“Pigpen/Pigsty/La Porcile” is a detailed politico-philosophical statement in visual images about the sad state of what could be a moral evolution of the human specie. The film consists of two parts echoing one another. One depicts the destiny of a group of young cannibals surviving on the periphery of medieval country life, while the other (connected with the first through parallel montage) represents the life of a wealthy family in post-WWII Germany. Pasolini compares the ordeals of the medieval bums mad from hunger, with that of the son of a leading German corporate profit-maker, and his fiancée. His juxtaposition of the two historical periods produces astonishing results. The young leader of the local cannibals and son of the wealthy businessman, appear like brothers, even like twins by destiny.

With unique images Pasolini sculpts the very logic of his medieval and modern young heroes’ intuitive perception of the reality, and explains how cannibalism (in the medieval part of the film), and bestiality of the son of the modern financial magnate come into existence. The director depicts these deviations not as “naturalistic” phenomena for the technicians of psychiatric diagnosis to brood about, but as a result of attempts by these two major characters to make sense of the world that surrounds them – each spontaneously metaphorizes his understanding of the reality, one into his cannibalism and the other into his bestiality. In other words, their perversions are not reflection of their psychology as such or their “genes” but are results of their intellectual function that makes metaphors of their surrounding world and human relations in it (instead of just imitating it/adapting to it) by their very behavior.

Pasolini’s representation of the two types of grand-scale businessmen in modern tale – the more traditional (trying to take into consideration the human and natural environment of their entrepreneurship), and the purely instrumental one (oriented only on profit by any price), is shocking in its clairvoyance – by having predicted what we today observe in Europe and US: morbid growth of profit-making practices neglecting concern for its social and environmental costs and consequences.

Director’s comparison of how differently language was used in the medieval Europe and today is informing and stimulating. Before language was a tool of understanding reality and communicating with others, but today language is used… instead of living while everyday life is instrumentalized by permanent calculation.

The exceptional performances of Pierre Clementi, Jean-Pierre Leaud, Anne Wiazemsky, Ugo Tognazzi, Ninetto Davoli and Alberto Lionello are character-, not circumstance-oriented. This style of acting is not suitable for passive/immediate identification of the audience with the personages that usually gives the viewers a lot of easy, cheap and empty pleasure. The actors of “Pigpen”, on the other hand, discover their characters’ unique reactions even on seemingly trivial situations.

Although crime is a crime, still, when crimes are result of the lack of necessities for survival, or extreme material or spiritual deprivations, it’s easier to understand them than when they are based on the need for luxury. The leader of a medieval gang of cannibals, whom we see in this shot, was tormented for years by chronic hunger. In the wake of his transgression he discovered a certain solemn pathos of violating the law which covers up indifference of society towards those who find themselves destitute and abandoned. In other words, behind his crime is hidden a political protest.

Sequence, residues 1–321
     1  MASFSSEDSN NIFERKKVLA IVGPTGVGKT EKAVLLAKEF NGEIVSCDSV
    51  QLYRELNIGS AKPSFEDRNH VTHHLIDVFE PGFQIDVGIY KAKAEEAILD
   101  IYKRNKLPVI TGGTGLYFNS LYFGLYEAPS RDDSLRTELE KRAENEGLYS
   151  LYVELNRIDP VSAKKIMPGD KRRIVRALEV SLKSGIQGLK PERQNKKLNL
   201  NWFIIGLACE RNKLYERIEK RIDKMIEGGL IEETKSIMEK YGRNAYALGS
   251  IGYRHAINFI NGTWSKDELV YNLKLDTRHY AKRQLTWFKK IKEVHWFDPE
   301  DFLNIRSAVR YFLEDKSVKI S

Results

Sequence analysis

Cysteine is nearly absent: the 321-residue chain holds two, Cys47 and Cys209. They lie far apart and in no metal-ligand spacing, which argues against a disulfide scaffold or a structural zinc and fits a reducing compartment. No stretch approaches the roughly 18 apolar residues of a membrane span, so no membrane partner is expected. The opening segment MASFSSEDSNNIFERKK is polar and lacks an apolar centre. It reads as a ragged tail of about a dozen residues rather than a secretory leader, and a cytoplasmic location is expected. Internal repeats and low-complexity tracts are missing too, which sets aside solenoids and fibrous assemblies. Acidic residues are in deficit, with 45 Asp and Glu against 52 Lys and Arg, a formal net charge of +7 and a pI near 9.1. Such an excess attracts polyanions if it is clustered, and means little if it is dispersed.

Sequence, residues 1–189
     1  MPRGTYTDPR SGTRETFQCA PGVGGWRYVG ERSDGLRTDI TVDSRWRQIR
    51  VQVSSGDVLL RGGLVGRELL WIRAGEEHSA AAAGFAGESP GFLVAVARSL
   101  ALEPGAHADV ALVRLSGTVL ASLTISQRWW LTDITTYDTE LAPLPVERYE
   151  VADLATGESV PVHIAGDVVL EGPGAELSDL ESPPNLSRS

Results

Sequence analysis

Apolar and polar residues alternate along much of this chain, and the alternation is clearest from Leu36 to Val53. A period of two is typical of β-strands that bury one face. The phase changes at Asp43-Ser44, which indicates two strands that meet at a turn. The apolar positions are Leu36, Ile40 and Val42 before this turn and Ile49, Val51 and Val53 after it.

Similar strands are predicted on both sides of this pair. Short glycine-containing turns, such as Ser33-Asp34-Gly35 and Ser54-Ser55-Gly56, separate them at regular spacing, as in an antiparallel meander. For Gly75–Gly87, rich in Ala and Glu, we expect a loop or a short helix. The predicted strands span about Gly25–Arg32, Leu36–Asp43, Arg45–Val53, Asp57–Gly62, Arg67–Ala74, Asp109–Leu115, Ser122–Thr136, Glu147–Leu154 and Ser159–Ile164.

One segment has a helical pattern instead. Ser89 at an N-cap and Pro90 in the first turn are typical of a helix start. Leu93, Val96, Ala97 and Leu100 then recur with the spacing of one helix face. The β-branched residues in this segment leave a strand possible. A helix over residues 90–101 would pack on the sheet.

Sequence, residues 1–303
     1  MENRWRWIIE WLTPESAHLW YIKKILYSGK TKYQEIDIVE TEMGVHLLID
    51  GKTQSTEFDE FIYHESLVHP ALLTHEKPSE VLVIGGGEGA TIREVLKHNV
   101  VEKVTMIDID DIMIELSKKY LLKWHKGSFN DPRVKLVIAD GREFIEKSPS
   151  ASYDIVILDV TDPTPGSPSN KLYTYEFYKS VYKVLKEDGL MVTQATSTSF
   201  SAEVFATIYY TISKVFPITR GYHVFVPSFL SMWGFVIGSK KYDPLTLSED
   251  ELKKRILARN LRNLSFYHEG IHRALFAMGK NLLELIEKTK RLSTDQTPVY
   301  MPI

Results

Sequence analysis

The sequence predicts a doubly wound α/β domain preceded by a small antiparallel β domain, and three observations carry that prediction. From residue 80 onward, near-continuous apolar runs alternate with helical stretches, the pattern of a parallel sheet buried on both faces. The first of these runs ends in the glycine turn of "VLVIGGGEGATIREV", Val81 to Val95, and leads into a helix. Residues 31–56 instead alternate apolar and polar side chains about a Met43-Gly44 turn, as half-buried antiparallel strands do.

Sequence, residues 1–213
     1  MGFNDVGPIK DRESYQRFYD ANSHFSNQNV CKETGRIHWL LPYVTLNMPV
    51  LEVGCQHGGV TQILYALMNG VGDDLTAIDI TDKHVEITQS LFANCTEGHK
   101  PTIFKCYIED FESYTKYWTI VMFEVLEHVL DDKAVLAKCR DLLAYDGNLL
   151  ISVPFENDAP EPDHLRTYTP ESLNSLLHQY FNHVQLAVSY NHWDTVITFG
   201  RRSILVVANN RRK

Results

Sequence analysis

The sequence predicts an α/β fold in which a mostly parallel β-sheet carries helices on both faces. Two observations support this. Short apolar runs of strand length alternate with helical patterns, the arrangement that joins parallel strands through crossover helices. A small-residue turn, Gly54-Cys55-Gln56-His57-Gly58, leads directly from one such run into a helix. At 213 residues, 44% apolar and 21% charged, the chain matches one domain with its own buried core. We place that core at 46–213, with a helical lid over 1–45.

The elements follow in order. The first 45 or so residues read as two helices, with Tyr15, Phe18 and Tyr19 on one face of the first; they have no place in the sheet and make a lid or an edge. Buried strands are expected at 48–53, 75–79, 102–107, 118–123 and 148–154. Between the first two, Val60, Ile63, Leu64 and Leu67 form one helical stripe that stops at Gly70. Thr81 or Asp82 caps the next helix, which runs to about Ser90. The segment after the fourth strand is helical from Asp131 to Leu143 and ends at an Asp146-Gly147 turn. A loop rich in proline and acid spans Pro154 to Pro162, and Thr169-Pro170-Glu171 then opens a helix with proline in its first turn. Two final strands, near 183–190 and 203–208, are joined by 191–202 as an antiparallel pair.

The wealthiest among today’s transgressors aren’t those who are deprived of basic necessities of life, but those who commit crimes out of a pathological need for extra-wealth and/or because of their megalomania. Mr. Klotz, whom we see here, is the wealthiest man in Europe…

… Klotz and his economic rival Mr. Herdhitze made a financial deal which includes sacrificing Mr. Klotz’ son as a condition of merging of their enterprises

Mr. Klotz’ son Julian is not a cannibal, but his perversion is an unconscious psychological reaction on the moral bestiality of people like his father and his rival/ partner in business.

Julian meets the girl of his age (from a family comparable in wealth and social standing with Julian’s), but for Julian and Ida it is very difficult to establish emotional rapport with each other – Julian’s horrifying secret stands in between them…

…as a kind of anti-mission of his life – to prevent him from human happiness because he “doesn’t have a right to it” – his parents’ (and people like them) moral monstrosity creates in Julian the utopian attempt to redeem them by his self-condemnation.

Julian was sacrificed by his father with the agreement of his mother to save themselves from social scandal and double their wealth empire.

Julian was killed but his murder was professionally covered up – masked as an accident in the pigsty where Julian was, officially, been eaten by the pigs. The simpleminded (perceiving the world through their imagination) peasants working for Klotz/Herdhitze became the carriers of this absurd story to the people. Pasolini emphasizes how pop-myths are created to cover up the real crimes and make the unbearable life of the poor people less unbearable to make them continue to serve interests of financial elite.

Posted Dec 12 2012 –   Pier Paolo Pasolini’s “Pigpen/Pigsty/Il Porcile” (1969) – Two Tales of “Moral Progress” in Human History as a Study of Cognitive Operation of “Metaphorizing the Essence”  by Acting-Out Politics